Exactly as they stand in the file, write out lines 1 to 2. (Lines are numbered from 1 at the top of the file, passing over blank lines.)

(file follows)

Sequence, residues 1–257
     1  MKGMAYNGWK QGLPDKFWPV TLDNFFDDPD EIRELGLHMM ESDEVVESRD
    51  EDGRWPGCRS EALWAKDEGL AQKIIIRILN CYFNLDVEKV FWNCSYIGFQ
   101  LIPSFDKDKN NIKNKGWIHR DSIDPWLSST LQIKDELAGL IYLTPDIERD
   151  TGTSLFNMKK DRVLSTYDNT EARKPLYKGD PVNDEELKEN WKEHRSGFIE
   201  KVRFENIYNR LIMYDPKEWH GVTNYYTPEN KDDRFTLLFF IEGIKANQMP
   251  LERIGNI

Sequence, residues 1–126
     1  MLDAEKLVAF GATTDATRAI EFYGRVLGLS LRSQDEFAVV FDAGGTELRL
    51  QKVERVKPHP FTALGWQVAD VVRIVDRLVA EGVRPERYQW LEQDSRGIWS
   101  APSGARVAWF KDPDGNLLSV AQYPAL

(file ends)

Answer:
Sequence, residues 1–257
     1  MKGMAYNGWK QGLPDKFWPV TLDNFFDDPD EIRELGLHMM ESDEVVESRD